The challenge some schools face in vaccination efforts starts at the top: their states governor.

As Republican governors waged wars on vaccine passports documentation of a Covid-19 vaccination that is required to enter certain spaces colleges found themselves in the crosshairs. The so-called passports are usually discussed in the context of travel or access to large gatherings, but in states like Wyoming and Florida, officials told colleges that a Covid-19 vaccination requirement fell under the vaccine passport umbrella.

Two days later, Nova Southeastern was forced to reverse the requirement, which had become illegal.

I am frustrated with the state, said Charles Zelden, a professor of history and politics at Nova Southeastern. They are getting in the way of my classroom, my purpose to educate my students.

We are having people self-report on a voluntary basis if they have been vaccinated, and once we hit herd immunity on campus, or 80 percent vaccinated, then we will be able to open campus more so, but still not completely, Zelden said.

Not everyone objects to the change. Aliyah Gomez, 19, a rising sophomore, is happy vaccination is no longer required.

I was taken aback when I originally read the school was going to require the vaccine, Gomez said. It feels a bit pushy and Im not the only one who thought this was rushed. Gomez plans to eventually get vaccinated but wants to wait a little while.

Fda Approval Can Counter Legal Challenges

Teachers need COVID

Rylie Martin is the assistant director of the College Crisis Initiative, an effort at Davidson College in North Carolina to collect data on COVID-19 vaccination requirements at universities. She calls the FDA approval a “game changer” for universities.

“FDA approval is kind of the thing that’s going to get them across the finish line to get their student vaccination rates up,” Martin explains.

It wasn’t just politics holding schools back there was uncertainty about the legality of requiring a vaccine still under emergency use authorization, despite a strong federal appellate court ruling upholding a mandate at the University of Indiana.

But FDA approval makes that legal foundation even stronger, according to Dorit Reiss, a law professor at the University of California Hastings College of the Law in San Francisco, who studies vaccine mandates.

“Vaccine mandates in the university level are, in fact, legal, and that’s well in line with other cases,” she says. “Challenging the university mandates is going to be very, very hard.”

The pushback on the emergency status of the vaccines was the strongest argument that she’s seen in her anti-vaccine research, Reiss adds, and removing that argument makes a big difference in public perception.

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    Pfizer Becomes The First To Be Authorized For Those 12 Years Old And Up

    This 17-year-old received his COVID-19 vaccine in April. Now those 12 to 15 years old will be eligible.

    With the first COVID-19 vaccine now;, ages 12 and up, a big question looms: Will students be required to get the vaccine before returning to their classrooms in the fall?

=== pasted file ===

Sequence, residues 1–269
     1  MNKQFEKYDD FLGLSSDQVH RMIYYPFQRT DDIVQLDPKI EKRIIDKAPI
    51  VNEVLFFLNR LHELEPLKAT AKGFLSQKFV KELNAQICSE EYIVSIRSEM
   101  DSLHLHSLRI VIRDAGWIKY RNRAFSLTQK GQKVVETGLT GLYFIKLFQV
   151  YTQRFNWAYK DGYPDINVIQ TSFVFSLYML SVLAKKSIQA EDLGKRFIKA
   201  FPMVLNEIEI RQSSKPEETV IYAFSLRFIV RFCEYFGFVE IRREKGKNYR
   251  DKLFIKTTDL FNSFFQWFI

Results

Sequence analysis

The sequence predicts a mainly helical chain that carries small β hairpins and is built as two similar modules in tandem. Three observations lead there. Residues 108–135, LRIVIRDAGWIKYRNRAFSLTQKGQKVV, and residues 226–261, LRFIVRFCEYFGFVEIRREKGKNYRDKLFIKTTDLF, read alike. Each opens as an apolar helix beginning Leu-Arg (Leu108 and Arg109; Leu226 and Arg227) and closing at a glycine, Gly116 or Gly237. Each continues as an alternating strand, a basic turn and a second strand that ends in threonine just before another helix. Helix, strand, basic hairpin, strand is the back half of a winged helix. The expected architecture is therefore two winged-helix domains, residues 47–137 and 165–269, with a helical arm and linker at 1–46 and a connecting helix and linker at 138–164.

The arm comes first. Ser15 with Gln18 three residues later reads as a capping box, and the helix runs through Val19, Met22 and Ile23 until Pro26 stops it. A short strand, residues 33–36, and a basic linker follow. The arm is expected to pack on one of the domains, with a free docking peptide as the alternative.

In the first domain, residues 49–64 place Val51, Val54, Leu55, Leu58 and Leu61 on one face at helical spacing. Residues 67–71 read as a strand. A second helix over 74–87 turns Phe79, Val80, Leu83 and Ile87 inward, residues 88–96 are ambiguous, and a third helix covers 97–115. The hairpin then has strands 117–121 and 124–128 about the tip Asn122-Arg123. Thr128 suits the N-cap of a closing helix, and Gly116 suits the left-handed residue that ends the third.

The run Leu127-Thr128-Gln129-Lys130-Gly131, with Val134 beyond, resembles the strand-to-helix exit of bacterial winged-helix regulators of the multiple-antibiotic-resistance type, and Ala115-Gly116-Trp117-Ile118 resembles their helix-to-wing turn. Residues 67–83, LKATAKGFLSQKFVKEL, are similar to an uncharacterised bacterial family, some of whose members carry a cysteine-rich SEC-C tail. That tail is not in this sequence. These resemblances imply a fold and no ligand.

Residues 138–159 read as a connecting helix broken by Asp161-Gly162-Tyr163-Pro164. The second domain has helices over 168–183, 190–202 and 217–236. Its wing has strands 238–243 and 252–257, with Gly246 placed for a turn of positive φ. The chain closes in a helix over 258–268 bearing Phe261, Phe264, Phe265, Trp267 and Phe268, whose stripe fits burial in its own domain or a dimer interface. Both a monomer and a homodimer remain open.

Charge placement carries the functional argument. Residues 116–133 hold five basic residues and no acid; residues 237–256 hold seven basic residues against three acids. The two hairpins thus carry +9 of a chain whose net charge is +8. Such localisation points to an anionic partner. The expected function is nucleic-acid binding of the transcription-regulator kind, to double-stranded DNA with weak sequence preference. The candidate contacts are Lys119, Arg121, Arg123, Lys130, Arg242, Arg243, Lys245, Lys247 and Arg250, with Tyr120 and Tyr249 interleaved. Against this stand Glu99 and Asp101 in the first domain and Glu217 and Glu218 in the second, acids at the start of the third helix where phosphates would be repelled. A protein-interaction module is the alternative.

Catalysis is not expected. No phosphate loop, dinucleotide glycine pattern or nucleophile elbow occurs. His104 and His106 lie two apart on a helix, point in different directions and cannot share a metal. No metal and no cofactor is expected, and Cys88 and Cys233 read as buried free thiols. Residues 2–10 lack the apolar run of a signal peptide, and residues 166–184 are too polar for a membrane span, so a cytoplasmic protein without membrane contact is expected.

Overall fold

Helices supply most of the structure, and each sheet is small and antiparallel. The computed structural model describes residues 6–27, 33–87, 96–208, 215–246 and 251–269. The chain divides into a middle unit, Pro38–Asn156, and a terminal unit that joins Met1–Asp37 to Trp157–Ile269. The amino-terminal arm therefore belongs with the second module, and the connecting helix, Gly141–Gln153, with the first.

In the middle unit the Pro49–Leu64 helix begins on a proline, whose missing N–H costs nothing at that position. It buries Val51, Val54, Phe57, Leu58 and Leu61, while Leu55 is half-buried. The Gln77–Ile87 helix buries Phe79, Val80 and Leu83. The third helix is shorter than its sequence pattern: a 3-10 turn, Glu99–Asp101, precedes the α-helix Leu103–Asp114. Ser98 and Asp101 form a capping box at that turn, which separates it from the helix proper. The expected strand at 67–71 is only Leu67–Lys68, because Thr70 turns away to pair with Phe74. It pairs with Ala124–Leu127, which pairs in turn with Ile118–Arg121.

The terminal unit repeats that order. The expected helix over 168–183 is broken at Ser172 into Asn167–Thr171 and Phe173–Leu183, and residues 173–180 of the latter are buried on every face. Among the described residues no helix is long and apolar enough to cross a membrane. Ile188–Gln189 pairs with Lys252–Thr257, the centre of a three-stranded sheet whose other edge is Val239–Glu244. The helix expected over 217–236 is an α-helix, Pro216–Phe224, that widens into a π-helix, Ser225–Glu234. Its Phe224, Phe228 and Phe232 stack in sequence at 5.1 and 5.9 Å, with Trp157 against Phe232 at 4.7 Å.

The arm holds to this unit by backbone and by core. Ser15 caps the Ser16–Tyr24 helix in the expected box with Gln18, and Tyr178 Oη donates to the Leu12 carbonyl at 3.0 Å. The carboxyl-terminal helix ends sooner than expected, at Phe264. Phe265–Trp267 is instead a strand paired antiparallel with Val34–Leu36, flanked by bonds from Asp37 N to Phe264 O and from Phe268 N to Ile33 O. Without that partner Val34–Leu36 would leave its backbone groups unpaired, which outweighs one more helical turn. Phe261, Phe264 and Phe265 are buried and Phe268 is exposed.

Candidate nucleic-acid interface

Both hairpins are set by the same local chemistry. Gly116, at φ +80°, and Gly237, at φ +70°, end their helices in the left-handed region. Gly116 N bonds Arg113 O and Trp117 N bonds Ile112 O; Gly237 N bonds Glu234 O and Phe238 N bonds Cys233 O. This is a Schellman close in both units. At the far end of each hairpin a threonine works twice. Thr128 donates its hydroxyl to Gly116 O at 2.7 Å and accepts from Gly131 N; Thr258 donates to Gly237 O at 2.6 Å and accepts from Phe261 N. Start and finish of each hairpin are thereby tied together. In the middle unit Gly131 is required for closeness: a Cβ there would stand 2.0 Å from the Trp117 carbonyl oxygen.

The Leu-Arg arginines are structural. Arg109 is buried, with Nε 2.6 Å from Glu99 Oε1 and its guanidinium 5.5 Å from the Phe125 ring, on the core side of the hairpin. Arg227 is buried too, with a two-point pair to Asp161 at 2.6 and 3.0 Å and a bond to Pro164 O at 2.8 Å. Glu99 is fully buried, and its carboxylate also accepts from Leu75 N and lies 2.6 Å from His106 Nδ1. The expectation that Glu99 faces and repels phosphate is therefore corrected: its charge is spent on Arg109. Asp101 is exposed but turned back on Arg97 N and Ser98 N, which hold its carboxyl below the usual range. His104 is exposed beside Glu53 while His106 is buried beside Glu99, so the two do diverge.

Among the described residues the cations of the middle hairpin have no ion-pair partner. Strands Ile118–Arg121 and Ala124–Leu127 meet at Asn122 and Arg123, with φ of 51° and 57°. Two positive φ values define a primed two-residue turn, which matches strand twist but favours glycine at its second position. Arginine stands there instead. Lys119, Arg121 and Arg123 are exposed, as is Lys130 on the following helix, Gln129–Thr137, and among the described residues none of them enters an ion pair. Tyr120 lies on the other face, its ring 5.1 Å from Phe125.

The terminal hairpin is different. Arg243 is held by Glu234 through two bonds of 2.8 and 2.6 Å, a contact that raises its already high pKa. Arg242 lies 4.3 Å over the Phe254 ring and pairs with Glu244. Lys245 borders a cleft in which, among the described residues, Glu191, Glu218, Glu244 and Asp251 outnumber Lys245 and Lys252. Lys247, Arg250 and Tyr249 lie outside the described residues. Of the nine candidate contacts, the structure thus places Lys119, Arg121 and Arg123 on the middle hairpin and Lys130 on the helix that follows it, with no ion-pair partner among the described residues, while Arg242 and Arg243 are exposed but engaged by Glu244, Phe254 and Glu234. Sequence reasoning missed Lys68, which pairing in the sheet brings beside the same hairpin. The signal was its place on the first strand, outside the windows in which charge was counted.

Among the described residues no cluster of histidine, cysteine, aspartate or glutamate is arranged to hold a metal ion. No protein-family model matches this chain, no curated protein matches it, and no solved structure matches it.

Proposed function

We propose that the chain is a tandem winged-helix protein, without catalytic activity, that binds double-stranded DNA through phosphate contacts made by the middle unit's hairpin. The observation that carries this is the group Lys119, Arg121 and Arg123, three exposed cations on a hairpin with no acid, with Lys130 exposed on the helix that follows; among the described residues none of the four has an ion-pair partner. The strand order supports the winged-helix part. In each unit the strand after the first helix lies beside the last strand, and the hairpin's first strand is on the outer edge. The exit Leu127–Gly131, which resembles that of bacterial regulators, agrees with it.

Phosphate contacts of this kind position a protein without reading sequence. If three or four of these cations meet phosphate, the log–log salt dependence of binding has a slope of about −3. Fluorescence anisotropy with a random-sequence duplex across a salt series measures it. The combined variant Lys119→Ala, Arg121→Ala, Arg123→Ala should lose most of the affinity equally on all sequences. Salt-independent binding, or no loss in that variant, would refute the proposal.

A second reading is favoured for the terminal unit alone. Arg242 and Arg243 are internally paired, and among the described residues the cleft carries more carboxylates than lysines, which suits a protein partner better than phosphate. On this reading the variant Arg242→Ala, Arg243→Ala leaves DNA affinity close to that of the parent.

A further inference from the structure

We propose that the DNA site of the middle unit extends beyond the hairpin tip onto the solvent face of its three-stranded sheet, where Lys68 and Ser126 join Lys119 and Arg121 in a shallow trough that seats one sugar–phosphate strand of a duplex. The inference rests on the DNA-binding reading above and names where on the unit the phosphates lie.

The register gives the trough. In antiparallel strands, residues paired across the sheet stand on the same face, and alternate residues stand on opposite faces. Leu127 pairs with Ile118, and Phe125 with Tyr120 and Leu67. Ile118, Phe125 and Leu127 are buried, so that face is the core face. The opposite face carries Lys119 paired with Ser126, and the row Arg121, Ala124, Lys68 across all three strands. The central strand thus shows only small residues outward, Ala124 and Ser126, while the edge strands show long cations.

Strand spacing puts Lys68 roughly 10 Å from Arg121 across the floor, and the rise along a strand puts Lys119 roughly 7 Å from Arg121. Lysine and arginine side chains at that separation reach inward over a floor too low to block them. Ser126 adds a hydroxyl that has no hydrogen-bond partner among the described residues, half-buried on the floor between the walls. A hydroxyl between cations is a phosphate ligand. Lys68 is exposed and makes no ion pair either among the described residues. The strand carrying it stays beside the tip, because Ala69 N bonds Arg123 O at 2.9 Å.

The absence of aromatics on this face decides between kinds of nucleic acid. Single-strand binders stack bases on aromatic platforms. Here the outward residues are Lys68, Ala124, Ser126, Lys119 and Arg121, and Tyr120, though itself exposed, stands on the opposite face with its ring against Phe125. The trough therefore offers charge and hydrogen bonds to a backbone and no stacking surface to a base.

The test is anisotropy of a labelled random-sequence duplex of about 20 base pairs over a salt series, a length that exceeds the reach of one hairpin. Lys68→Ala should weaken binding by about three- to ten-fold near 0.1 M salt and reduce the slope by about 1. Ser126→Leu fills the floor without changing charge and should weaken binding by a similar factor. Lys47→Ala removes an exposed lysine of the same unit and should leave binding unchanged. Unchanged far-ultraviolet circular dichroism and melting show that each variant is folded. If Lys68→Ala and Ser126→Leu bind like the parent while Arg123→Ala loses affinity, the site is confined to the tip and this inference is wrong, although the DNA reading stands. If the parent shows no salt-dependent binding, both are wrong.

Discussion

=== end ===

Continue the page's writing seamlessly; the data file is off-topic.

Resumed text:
As a;professor of education policy and law;and a former attorney for school districts, I regularly think about this sort of question.

    In the United States,;school vaccination requirements are established by states;rather than the federal government. The;10th Amendment;to the U.S. Constitution allows states to make regulations protecting;public health.

    Every state currently requires K-12 students to be vaccinated against some diseases, although the requirements including;which shots;are deemed necessary and the;reasons students can opt out; vary from one state to another.

    Who can opt out of school shots?

    No state yet requires students to receive a COVID-19 vaccine, but how states manage other vaccines and exemptions, and how the rules can change during outbreaks, can help us think about how a COVID-19 vaccine requirement might work.

    For example, students in all states can be exempt from vaccination requirements if they have a valid;medical reason, such as a weakened immune system or allergic reaction to a vaccine.

    What the courts say about mandatory vaccines

    The U.S. Supreme Court has supported states authority to make these decisions for over a century.

    Consistent And Correct Mask Use

    When teachers, staff, and students consistently and correctly wear a mask, they protect others as well as themselves. Consistent and correct mask use is especially important indoors and in crowded settings, when physical distancing cannot be maintained.

    • Indoors: CDC recommends indoor masking for all individuals age 2 years and older, including students, teachers, staff, and visitors, regardless of vaccination status.
    • Outdoors: In general, people do not need to wear masks when outdoors. CDC recommends that people who are not fully vaccinated wear;a mask in crowded outdoor settings or during activities that involve sustained close contact with other people. Fully vaccinated people might choose to wear a mask in crowded outdoor settings if they or someone in their household is immunocompromised.